Sickle cell disease is the most common genetic blood disorder in the UK, 240,000 are carrying the gene and roughly 14,500 actually have the condition.  In England, one in every 1,900 births is a child born with sickle cell disease.  One in every 70 births of all babies will carry the relevant gene. One in seven Black African, one in eight Black Caribbean and one in every 450 White British new-borns carries a sickle cell gene.

A sickle cell attack, known as a “crisis”, can occur at any time and cause excruciating pain in any part of the body.  The cure for sickle cell is bone marrow transplant but this is not universal and you need to have a suitable donor.  Sickle Cell is therefore managed with medication and this can include strong opiates.

“Normal blood cells are round, “explains Kalpna,” but when you go into a crisis it turns into a crescent shape and that stops your oxygen from flowing through your body.  The pain can happen anytime anywhere and be in your arms, legs, back or chest.  It can last hours, or days or even weeks.”

Ade has always had the condition but it didn’t really manifest itself until it started affecting him playing sport at school.  “I had my first incident playing five a side football.  I kicked the ball really hard and it began to hurt.  I didn’t know what it was but it was constant pain. I went to hospital and was there for two days.”

Born and brought up in east London he attended Forest Gate Community School where the sports were football and athletics.  A talented footballer he knew little of rugby until a PE teacher from Bradford, Andy Hurst, suggested he try rugby league at his old club, the London Skolars.

He got his first taste of the sport at 15 and was hooked.  “It was a shock but it’s a great sport and I just took to it, I love it.”   In fact, he was so besotted by it that when he was offered a trial with Tottenham he opted to represent the South at rugby league instead.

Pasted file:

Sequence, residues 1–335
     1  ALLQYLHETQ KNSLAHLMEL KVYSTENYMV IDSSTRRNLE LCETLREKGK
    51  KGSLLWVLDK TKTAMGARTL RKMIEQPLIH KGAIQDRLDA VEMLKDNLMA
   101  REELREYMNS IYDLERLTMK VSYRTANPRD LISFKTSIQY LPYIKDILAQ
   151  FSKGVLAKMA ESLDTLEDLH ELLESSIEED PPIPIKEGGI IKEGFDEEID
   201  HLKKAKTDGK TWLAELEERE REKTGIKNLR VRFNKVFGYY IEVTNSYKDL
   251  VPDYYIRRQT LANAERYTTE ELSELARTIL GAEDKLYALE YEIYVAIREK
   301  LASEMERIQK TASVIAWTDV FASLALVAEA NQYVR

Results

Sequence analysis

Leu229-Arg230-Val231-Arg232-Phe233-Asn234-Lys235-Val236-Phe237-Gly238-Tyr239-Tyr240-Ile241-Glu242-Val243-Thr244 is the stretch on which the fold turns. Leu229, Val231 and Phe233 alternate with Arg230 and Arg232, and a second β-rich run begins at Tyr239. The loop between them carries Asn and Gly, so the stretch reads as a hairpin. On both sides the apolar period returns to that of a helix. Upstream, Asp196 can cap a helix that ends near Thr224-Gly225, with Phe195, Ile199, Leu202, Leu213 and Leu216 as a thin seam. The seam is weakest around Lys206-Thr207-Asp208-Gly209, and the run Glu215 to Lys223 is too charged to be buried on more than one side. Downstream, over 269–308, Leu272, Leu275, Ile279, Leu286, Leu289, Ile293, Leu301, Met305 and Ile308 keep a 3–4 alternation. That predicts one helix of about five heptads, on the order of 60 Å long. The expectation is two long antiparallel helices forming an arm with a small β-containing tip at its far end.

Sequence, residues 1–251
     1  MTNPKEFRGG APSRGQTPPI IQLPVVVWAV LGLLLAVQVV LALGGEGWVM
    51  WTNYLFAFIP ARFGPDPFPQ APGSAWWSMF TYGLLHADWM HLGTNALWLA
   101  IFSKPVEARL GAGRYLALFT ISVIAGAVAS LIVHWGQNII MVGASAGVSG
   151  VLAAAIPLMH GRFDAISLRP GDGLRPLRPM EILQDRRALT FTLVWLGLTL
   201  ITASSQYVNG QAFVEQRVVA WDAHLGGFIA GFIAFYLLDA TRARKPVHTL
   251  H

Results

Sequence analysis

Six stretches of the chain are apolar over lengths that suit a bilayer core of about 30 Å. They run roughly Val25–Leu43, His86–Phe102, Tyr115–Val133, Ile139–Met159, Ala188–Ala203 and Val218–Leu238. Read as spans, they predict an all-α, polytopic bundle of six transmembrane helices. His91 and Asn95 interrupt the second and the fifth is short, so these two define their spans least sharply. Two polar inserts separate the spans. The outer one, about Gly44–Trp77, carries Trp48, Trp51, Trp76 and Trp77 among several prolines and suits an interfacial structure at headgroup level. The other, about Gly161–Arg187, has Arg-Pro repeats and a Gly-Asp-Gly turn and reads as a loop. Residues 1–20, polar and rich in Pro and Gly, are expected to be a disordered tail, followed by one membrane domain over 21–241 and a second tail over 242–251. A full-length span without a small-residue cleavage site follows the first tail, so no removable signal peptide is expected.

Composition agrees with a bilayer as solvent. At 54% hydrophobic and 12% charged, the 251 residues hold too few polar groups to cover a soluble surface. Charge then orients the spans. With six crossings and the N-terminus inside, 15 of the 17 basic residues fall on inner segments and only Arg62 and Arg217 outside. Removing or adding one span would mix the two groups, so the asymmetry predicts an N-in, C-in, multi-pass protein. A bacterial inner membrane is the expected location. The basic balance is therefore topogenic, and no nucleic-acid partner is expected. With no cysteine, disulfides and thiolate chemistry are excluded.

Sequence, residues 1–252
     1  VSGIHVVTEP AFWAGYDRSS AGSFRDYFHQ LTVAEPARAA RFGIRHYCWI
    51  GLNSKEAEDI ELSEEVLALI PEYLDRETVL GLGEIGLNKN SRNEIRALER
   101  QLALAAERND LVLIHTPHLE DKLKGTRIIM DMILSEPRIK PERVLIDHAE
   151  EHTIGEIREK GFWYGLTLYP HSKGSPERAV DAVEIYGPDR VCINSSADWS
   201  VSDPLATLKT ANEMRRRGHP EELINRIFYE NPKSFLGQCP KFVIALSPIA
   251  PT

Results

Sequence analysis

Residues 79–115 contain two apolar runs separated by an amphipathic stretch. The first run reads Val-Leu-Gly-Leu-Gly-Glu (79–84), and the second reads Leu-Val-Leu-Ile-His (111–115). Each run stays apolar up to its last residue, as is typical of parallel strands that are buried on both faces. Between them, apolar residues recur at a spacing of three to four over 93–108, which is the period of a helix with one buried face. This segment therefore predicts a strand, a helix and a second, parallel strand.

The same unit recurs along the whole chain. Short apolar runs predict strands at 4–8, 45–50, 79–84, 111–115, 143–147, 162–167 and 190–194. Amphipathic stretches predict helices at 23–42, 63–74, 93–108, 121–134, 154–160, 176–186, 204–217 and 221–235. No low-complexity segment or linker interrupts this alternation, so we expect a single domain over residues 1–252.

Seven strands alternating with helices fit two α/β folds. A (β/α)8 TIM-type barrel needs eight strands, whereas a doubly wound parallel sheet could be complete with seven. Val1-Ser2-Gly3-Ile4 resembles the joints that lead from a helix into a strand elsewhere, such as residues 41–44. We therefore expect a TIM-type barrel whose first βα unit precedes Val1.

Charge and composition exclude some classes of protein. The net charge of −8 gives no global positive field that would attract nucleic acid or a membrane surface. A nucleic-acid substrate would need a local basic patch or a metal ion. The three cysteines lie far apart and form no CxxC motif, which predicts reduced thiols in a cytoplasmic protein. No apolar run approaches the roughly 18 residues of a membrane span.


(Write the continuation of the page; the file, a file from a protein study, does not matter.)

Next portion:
He was soon spotted by the London Broncos and played for them at under-16s and under-17s level.  Because the Broncos didn’t have an under-21s side he, along with other rising young stars Louie McCarthy-Scarsbrook, Mike Worrincy and Ian Lane, spent a season at Hull FC.

Being at Super League clubs meant training went up several notches in intensity as he got older.  It’s tough for any young athlete let alone one with sickle cell disease but Ade was determined not to let it affect his career.  In fact he believes that rugby league has helped him to cope with the condition.

“I had never done anything as intense as when I started playing rugby league,” he said.  “Rugby league is all about being mentally strong as well as physically strong and that has undoubtedly helped me to deal with the condition.

 “I’ve found there are trigger points.  Sometimes when I’ve played rugby and it’s been a very, very intense game I’ve got to a point I’ve never reached before and that triggers it.

“No one in rugby league has ever treated me differently.  You get some coaches who don’t know anything about it and just think you’re being lazy but others who do and work around it.